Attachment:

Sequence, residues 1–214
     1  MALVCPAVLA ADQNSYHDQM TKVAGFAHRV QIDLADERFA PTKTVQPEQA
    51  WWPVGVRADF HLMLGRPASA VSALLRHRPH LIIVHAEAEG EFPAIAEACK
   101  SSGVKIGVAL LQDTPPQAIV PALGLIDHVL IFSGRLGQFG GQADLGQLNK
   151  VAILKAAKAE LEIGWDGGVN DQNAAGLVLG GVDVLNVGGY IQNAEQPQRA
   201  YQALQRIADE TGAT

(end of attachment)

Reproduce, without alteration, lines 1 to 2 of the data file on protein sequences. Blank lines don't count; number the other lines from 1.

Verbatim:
Sequence, residues 1–214
     1  MALVCPAVLA ADQNSYHDQM TKVAGFAHRV QIDLADERFA PTKTVQPEQA